Deidre Brock MP

Member of Parliament for Edinburgh North and Leith

Speech: Scotland needs its own immigration policy

At the risk of being confused for a ray of sunshine, can I lay out some of the grievances rightly held by Scots on the issue of population and demographics, and put them in some kind of historical context? Not all of them are the direct fault of this place and some of them might even be someone else's fault, but hear me out.

At the beginning of the 18th century Scotland had a population roughly a fifth of that of Englandshire - one million against five million. That ratio stayed the same right though that century and into the beginning of the 19th century but Scotland's relative population shrank during that century until the ratio had gone out to one to seven - the Clearances set Scotland's population growth back on its heels.

Private greed played a part in that but so did governmental decisions like The British Fisheries Board establishing fishing stations at Wick, Tobermory and Ullapool, dragging people from the land, and the determination of the government to end the clan system whose organisation seemed all too militaristic and whose loyalty to a clan chief rather than the crown could not be tolerated.

The Clearances were the biggest drag on Scotland's population growth until the deindustrial revolution of the Thatcher years when the crushing of communities echoed the Clearances.

Scotland's population shrunk under Thatcher as young Scots were forced out and sought opportunity elsewhere, removing, of course, a breeding population as well as an economically active population.

It took until 2010 before Scotland's population recovered to pre-Thatcher levels and now there is another Tory threat to Scotland's population and prosperity – Brexit.

Look at population growth from the year 2000 until 2015 and you'll find that the UK has roughly a third each of native-born, EU-born and those born elsewhere. Half of all of Scotland's population growth is EU nationals and only 14 per cent are native-born.

Scotland needs those people, those workers - only 4% of EU nationals in Scotland are over 65 and 16% under 16 - the working age population of EU immigrants is 80% of the total with a 79% employment rate - six points ahead of the Scottish average.

Scotland's whole population has almost one fifth over retirement age, and we need the supply of young, energetic workers from the EU that is now under threat from a Brexit which might only mean Brexit to the Prime Minister but means a major economic threat to Scotland.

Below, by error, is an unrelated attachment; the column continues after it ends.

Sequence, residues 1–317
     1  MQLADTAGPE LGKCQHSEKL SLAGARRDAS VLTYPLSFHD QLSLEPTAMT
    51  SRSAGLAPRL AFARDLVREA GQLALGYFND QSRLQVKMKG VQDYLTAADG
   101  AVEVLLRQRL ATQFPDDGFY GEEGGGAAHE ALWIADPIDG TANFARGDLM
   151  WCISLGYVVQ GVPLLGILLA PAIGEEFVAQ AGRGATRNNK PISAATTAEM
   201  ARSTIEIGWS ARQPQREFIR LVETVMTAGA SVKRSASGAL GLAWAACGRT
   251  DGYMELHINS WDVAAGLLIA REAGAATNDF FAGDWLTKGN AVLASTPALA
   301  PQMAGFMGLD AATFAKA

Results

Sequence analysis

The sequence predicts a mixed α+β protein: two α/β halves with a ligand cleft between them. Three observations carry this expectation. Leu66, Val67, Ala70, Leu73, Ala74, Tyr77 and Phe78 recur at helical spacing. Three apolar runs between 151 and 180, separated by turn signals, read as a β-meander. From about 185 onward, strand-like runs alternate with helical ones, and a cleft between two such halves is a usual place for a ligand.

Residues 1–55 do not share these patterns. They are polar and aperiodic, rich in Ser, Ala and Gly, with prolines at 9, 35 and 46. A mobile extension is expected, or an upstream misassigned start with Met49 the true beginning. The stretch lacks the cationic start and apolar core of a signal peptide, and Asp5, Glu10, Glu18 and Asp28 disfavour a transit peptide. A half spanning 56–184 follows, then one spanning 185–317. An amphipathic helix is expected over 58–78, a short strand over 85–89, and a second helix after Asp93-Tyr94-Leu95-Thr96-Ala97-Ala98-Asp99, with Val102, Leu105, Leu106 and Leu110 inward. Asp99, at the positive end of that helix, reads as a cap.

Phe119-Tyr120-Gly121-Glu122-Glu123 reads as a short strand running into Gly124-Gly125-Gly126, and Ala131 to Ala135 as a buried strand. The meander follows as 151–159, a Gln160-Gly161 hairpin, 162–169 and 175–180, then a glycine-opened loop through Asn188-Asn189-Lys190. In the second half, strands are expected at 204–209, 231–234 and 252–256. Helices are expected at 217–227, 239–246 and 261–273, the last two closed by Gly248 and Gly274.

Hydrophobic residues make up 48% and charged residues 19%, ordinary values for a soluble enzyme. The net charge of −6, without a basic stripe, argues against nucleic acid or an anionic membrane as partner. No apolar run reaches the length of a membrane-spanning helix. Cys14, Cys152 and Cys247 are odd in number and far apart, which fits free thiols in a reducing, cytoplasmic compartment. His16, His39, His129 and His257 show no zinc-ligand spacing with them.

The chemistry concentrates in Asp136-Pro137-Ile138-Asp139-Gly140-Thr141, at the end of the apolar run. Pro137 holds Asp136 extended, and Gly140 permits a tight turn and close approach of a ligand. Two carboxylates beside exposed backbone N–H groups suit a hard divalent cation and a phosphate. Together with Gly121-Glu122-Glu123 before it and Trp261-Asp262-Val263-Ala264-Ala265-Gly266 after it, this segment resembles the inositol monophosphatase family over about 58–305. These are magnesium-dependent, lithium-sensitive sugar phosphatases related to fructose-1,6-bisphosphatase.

From the Clearances through Margaret Thatcher to Brexit Scotland's population has been getting a raw deal.

Scotland needs to get out from under that and create a welcoming, entrepreneurial environment to grow our economy and provide a secure future.

We need an open door for immigrants and immigration policies which are clearly very unlike the policies touted in this place by the Government and its loyal opposition these days.

We can't be left subject to this, frankly xenophobic, regime if we are to build the population and the economy that Scotland needs.

I would prefer that we agree that we can be friendly neighbours and Scottish independence creates a new relationship but it's possible to do it before then, it's possible for the UK to have different immigration systems for different areas.

We know it's possible because it already happens; the UK runs different immigration regimes for Gibraltar, for example, for the Channel Islands and for the Isle of Man.

The circumstances are not the same but the precedent is there and the example shows that it is possible. There is no reason why Scotland cannot have an immigration regime tailored to our needs even while we are stuck in the UK.

We need to keep the door open for the free movement of the peoples of the European Union – of the four pillars of EU membership it's the one that Scotland needs to keep most of all.

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Sunday, 25 June 2017

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